Igor Okay, so RGB is totally a different concept from this. RGB says “Okay, guys, look, we have a contract. We don’t have to keep this contract public”. So if I’m buying a car, it’s a contract between me and the seller of the car. We don’t have to make it worldwide available. The contract is between me and the seller of the car. So we utilize this concepts of client side validation. It utilizes this concept of single-use-seals, which is a totally new concept in cryptographic world, and Directed Acyclic Graphs (DAGs). Now, let’s imagine I’m creating a contract to issue tokens, and I want to _ some tokens to someone. I create a definition of the token, which is called schema in the world of RGB. I shared the schema on client side, I don’t commit the schema anywhere. I shared the schema with my peer who I send some tokens, and this is going to be a mutation of a state. I am sharing all that state with my peer. And this peer has it only on client side, he sees that this is a mutation of a state, this is the source of the state, there are cryptographic proofs that this has happened, this was signed by my friend’s public key. It happened, and we don’t have to commit it to the blockchain. I can send some tokens again, I mutate the state, and this guy can send it somewhere else. So we end up with a graph, we end up with a directed acyclic graph. It’s directed because it flows in one direction, so I can send tokens only in this direction. It’s acyclic because you cannot make some crazy loop and go back. And it’s a graph, so it’s a DAG.
It employs client side validation, so every time I mutate the state, I share the new state with my peer who I’m sending tokens to. So this is schema and this is how we keep it off chain. We don’t commit anything to blockchain. Well, there is a problem here with double spends. How they prove that there is no double spend here. This is where we employ single-use-seals and some other cryptographic magic, which is newly invented for RGB. Single-use-seals is the new concept in cryptography, it was invented by Peter Todd, I think. If you boil down single-use-seals, it will be, “take a private key sign something and prove to someone that you signed with this private key only once”. If I’m taking a message and I am signing it with my private key and I give you this message, and then I signed something with the same private key and give it to you, can I prove that I didn’t do this?. In purely cryptographic terms, it’s impossible because I can take my private key and sign as many messages as I want. So single-use-seals relies on something else to publish cryptography stuffs so other people can verify. And this is I think the weak spot in this concept because you have to have a storage to publish single-use-seals and have no double spends. We have a whole proof of work, huge machine to prevent double spends on Bitcoin. And he will say, “oh, we’ll just use single use seals and assorted” and we’re done, we’re cool. So this is a weak spot. I think in the early concepts they were supposed to use some IPFS or some distributed file storage for single-use-seals, but now, I don’t know what they’re doing. They don’t use Hypercore, last time I checked, there’s no mention of Hypercore in RGB.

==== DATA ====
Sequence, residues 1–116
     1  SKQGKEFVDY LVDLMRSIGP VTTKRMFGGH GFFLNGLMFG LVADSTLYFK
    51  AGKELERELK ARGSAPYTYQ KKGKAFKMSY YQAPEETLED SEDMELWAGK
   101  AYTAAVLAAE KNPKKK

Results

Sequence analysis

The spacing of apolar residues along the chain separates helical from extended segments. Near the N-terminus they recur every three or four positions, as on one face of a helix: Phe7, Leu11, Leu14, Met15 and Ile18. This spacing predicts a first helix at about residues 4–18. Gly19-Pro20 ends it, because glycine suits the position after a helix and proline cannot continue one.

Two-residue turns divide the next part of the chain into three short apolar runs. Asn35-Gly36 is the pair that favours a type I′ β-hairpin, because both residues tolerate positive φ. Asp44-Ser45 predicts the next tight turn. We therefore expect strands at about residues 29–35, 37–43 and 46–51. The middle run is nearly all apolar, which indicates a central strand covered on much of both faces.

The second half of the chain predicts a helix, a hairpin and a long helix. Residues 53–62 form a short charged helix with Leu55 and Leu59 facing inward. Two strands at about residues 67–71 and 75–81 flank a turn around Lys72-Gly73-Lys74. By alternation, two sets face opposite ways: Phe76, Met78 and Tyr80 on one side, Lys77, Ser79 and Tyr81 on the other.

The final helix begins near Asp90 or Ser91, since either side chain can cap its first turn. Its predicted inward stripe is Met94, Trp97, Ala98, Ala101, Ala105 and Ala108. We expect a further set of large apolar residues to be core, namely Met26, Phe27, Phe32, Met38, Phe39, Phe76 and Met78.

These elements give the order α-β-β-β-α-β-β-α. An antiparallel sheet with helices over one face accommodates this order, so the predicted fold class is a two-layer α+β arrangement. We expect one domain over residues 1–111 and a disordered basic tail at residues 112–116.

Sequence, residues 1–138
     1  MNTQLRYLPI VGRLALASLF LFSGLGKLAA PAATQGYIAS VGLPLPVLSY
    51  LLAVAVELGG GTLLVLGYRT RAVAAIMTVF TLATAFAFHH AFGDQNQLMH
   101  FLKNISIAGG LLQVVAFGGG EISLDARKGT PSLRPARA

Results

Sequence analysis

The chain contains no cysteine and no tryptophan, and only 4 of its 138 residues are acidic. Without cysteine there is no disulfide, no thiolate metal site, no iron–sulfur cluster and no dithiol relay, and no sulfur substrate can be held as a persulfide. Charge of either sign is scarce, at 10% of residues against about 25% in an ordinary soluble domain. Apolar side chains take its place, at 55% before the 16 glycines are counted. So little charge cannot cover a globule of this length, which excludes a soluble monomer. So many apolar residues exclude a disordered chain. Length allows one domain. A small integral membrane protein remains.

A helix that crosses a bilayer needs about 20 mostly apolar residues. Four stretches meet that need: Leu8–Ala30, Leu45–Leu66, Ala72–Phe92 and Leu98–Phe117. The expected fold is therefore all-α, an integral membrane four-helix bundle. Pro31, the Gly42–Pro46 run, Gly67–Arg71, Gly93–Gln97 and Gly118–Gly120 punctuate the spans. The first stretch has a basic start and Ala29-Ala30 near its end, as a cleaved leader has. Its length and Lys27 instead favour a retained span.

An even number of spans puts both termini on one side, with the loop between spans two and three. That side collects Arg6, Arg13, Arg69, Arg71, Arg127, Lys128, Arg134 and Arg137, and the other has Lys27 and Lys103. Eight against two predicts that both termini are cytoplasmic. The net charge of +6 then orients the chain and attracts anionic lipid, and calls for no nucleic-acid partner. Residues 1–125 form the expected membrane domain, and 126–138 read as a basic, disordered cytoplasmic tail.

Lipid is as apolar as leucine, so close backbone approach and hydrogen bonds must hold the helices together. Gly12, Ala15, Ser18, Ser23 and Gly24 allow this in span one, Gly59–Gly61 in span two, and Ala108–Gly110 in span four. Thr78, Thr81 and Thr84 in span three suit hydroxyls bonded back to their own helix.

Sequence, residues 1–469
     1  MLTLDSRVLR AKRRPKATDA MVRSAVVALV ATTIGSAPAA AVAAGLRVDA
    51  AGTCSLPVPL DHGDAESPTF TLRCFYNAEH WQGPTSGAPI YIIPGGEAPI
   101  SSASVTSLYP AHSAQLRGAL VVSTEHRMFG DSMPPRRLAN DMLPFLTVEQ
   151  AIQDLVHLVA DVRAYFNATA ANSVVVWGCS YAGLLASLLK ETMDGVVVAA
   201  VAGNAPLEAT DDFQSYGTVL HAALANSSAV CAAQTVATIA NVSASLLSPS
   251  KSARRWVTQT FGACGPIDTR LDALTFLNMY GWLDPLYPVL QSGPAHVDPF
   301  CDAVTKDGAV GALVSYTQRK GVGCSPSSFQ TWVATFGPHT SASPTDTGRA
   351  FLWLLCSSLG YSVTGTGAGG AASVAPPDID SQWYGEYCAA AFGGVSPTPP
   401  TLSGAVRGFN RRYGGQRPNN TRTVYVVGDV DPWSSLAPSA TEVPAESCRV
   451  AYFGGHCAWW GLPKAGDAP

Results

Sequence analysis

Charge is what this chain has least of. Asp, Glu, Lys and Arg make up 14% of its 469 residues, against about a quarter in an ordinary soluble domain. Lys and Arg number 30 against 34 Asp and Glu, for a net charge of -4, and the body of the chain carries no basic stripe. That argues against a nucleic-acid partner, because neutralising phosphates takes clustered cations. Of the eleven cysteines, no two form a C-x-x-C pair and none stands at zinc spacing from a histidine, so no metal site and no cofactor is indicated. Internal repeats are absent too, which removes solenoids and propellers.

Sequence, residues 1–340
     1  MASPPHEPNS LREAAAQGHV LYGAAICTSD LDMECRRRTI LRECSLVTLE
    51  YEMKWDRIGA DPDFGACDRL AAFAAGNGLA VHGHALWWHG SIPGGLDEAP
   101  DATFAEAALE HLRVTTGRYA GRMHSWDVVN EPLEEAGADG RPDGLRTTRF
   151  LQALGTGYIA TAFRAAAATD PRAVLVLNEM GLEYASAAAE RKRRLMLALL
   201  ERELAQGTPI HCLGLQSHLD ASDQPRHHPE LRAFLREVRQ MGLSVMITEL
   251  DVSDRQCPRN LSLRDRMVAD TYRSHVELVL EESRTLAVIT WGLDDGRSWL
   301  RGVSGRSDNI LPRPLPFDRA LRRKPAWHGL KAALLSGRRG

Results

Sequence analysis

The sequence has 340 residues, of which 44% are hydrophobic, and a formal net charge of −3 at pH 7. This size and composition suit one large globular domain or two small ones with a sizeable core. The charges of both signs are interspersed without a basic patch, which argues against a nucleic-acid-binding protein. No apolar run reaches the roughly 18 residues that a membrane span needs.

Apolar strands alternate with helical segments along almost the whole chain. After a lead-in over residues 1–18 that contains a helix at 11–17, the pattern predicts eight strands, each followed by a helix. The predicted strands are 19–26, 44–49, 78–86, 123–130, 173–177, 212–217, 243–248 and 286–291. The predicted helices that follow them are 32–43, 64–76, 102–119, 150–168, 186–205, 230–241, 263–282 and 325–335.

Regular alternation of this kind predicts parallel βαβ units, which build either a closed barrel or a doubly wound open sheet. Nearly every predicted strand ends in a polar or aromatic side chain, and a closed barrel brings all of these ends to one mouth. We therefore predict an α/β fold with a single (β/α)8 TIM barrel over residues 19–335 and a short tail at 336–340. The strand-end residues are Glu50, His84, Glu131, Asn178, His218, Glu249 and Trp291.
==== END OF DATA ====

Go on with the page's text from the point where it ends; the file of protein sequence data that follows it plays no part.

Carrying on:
Audience What were you saying earlier? It’s like it’s possible mathematically. It’s kind of true. But there’s an exception to that rule because if you have a signature scheme, like a single use signature scheme by which if you publish a second signature on the same key, you reveal your private key. Such signature schemes exists and that could conceivable, in a half kind of way, solve that problem.
Igor Yeah, but since we use client side validation, we’re not sharing it to anyone. You receive tokens, this is a transaction for your eyes only. You have to have some kind of storage for everyone. So everyone could see.